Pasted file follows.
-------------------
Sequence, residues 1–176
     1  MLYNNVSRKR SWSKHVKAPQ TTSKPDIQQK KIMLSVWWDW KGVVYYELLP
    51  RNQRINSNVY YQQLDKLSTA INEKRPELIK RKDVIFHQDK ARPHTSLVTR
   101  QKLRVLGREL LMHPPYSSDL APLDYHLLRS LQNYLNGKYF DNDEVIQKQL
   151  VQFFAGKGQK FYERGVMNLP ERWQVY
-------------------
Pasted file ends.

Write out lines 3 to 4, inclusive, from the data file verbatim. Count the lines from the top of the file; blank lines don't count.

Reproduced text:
    51  RNQRINSNVY YQQLDKLSTA INEKRPELIK RKDVIFHQDK ARPHTSLVTR
   101  QKLRVLGREL LMHPPYSSDL APLDYHLLRS LQNYLNGKYF DNDEVIQKQL